Jul 1, 2010

Love, in the times of the Markets

I am taking a break today from the politics of food, agriculture and hunger. I think we need to discuss another development that hits the very foundation of human relationships. Yes, I am talking of falling in love and not able to sustain it for one reason or the other. Much of the creative writing and poetry over the ages revolves around love, and let us not kill it.

I feel outraged at the way a section of the media has brought human relationship under the police scanner. The (sic) moral policing by some of the media personalities, who devoted more of the prime time on TV discussing "Who killed Viveka Babajee?" has forced the Mumbai police to track down the men who knew her, and is holding them responsible for her suicide.

When I was young (and I am sure I was no exception) I remembered by heart a quotation, which I haven't still forgotten: "It is better to have loved and lost, than to have never loved at all." In today's context, looking at the way a section of the media is portraying the tragic suicide of Viveka, I don't think the youngsters (and also not so young) will find any virtue in this age-old saying. To be loved and lost can now put you in jail or at least make your life miserable doing the rounds of police station and court rooms.

Oh, my God ! Who would like to fall in love now !!

And more so with an aspiring model or a second-grade film actress. They know that they can achieve fame posthumously, what they failed to do when they were alive. But what is worrying me is that why the elite in the society are becoming helpless before the kind of collateral damage that such media coverage is bringing about? Why can't respected citizens, including women activists, stand up and denounce policing of human relationships. So what, if the person who committed suicide was a second-grade model? After all, when relationships break, both sides do get shattered. Why should the man (or woman) be hauled up for failure to work out the relationship?

How can you forget the sad tone in Reena Roy's voice when she sang those famous lines in a Hindi film: "Sheesha ho yah dil ho, aakhir toot jata hai."

As Bachi Karkaria writes in The Times of India today: "Relationships disintegrate all the time, more so in commitment-deficit scenarios. The beautiful model had been long enough in the brittle, self-serving world of glam sham to know this. Her problem was that mocking imposter, hope. But surely, that can't be held against a man (or woman) who has made it very clear that feeling is no longer reciprocated -- or never was. Cruel, but then so is life."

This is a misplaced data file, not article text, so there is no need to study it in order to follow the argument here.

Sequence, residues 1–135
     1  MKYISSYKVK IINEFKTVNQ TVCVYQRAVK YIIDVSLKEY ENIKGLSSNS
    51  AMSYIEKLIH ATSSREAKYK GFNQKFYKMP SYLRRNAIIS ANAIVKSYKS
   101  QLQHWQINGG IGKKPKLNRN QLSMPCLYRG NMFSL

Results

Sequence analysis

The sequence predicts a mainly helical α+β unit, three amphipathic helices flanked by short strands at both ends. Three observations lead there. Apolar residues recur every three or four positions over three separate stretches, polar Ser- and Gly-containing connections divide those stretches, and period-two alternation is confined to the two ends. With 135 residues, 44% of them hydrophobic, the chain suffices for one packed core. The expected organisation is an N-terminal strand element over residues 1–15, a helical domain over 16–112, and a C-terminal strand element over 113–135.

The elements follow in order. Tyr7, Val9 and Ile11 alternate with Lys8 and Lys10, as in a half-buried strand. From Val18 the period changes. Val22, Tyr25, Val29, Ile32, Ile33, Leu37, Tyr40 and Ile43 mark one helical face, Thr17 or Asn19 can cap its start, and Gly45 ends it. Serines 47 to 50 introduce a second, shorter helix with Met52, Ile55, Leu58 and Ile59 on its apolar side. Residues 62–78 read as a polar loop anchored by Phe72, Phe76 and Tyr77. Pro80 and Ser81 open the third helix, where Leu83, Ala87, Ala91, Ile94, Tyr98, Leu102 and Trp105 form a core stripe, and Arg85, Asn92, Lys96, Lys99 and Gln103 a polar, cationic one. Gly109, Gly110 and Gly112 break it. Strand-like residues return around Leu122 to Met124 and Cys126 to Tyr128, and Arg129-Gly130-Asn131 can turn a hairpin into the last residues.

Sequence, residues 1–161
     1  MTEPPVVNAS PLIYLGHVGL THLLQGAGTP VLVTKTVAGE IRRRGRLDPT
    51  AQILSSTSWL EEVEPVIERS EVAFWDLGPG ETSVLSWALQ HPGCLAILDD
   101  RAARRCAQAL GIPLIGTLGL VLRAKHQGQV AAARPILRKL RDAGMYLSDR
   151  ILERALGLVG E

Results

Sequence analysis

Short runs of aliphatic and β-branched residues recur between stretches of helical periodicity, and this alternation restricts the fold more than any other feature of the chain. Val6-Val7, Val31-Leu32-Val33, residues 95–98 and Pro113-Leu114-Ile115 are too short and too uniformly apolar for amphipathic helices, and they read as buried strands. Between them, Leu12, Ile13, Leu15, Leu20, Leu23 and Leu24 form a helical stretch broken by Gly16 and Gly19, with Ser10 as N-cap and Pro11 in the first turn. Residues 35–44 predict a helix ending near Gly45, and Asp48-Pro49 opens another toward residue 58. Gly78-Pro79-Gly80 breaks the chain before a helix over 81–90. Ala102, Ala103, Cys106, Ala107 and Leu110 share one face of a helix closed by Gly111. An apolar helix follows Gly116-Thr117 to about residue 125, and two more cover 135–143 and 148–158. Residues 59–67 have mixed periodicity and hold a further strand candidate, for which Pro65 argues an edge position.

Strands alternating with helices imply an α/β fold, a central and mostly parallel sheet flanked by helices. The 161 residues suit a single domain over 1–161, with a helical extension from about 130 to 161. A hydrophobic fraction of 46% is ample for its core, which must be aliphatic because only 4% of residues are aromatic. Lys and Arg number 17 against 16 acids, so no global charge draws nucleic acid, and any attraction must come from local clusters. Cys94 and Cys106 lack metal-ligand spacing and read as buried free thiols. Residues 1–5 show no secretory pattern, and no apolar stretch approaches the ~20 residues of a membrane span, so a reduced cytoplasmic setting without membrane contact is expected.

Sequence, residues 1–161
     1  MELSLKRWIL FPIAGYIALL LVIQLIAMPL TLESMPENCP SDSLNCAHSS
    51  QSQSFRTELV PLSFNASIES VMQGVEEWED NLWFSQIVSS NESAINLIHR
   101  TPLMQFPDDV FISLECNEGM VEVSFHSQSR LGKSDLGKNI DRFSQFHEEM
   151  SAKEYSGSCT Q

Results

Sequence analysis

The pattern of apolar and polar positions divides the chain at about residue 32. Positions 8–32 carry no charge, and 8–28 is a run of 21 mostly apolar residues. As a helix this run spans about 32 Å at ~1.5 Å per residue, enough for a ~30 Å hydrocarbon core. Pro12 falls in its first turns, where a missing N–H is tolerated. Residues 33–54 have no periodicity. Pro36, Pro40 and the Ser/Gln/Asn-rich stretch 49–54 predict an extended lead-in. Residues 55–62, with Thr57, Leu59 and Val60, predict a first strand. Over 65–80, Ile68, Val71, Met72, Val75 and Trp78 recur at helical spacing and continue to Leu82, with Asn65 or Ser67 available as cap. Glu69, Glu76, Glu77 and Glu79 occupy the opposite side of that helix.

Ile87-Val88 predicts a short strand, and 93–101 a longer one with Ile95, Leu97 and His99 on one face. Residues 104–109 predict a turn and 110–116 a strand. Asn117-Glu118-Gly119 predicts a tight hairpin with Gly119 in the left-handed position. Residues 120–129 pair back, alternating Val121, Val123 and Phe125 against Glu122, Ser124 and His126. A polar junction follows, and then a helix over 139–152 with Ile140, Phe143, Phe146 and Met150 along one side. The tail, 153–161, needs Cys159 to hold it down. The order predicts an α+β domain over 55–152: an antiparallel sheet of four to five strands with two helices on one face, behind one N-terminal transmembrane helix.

She further writes: "Only the terminally naive will shake their heads and/or their fists over the perceived sexploitation. In this jugar of high-gloss ambition, predator and prey are indistinguishable. Everyone's on the make and the take. It's an accepted mantra. Morality has nothing to do with it; indeed, in this brand of MoUs, it is completely irrelevant to the negotiations."

How true? Thank you Bachi Karkaria for saying this so clearly and loudly. I am sure knowing what happened to Al Gore in the US and David Devdar of Penguin publishers in Canada recently, it is becoming obvious that sexploitation is now becoming the worst forms of exploitation that the society is faced with. Unless we stand up to it now, and refuse to be cow down by the shrieking faminists on the TV shows, we would be adding on to the collateral damage that the future generations are going to be born with.

Sexploitation by females today is a politically incorrect statement. In fact, female sexploitation is likely to become more obnoxious in the days to come. The Indian government is planning to treat victims of sexual harassment at par with rape. The proposed Bill provides that no information about the complainant or the complaint can be made known to the media or public "in any manner" even in response to RTI applications. The only way to escape this of course is not to employ women in your office. I am sure many entrepreneurs will prefer to do without female staff rather than getting unwittingly into trouble at some stage or the other.

Draconian, isn't it? I don't know why and where has common sense disappeared among those who draft such pieces of legislation. It is widely accepted that the dowry laws as well as the domestic violence laws are being flagrantly violated by women. It has become an easy, simple and convenient route for extracting money. And yet, there is no punishment for those women who file such wrong cases. At least I don't know if any women who filed a wrong complaint has ever been arrested. This is not the way to administer justice.

Bringing in another legislation that legalises sexploitation is certainly making a mockery of justice. No wonder, public faith in judiciary is fast on a decline. The judiciary cannot hide its face saying that the laws were made by the executive. They must stand up and make the necessary correction.

Anyway, returning back to human relationships, as Bachi Karkaria says: "Relationships can't be sustained, much less demanded, at emotional gunpoint."

You can read her column: Outdated models (TOI, July 1) at
http://blogs.timesofindia.indiatimes.com/erratica/entry/outdated-models

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